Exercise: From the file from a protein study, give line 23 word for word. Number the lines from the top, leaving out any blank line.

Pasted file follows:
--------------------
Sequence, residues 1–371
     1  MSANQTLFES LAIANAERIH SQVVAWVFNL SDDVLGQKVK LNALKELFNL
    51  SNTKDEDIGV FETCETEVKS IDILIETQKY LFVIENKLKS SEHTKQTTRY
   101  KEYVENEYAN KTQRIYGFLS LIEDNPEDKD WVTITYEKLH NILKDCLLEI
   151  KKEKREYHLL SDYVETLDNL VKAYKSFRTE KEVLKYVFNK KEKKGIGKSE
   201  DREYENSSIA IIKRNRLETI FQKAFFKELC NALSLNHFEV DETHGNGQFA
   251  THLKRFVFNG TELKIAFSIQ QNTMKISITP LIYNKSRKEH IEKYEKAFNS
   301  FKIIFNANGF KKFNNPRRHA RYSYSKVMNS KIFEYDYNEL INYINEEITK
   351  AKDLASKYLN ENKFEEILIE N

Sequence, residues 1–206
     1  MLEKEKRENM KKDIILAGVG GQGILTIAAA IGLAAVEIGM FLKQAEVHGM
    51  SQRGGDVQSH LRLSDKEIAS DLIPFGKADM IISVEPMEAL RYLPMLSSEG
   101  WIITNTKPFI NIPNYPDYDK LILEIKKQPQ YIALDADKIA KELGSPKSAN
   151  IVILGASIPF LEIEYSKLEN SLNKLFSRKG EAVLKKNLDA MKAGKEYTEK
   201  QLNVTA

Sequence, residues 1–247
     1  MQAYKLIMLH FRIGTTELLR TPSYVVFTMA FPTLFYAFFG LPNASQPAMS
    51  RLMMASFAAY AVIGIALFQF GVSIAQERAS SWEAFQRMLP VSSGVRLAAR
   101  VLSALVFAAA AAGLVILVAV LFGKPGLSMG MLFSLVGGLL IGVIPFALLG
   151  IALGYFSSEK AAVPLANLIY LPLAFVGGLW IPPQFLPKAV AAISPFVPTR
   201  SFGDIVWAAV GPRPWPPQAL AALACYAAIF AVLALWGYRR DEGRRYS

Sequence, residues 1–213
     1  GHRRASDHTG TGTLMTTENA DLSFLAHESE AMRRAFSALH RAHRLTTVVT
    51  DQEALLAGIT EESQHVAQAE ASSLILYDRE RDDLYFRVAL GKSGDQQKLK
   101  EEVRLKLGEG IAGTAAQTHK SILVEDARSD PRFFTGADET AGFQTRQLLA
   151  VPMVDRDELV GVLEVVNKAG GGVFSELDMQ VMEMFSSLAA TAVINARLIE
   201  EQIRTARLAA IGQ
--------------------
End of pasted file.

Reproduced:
     1  GHRRASDHTG TGTLMTTENA DLSFLAHESE AMRRAFSALH RAHRLTTVVT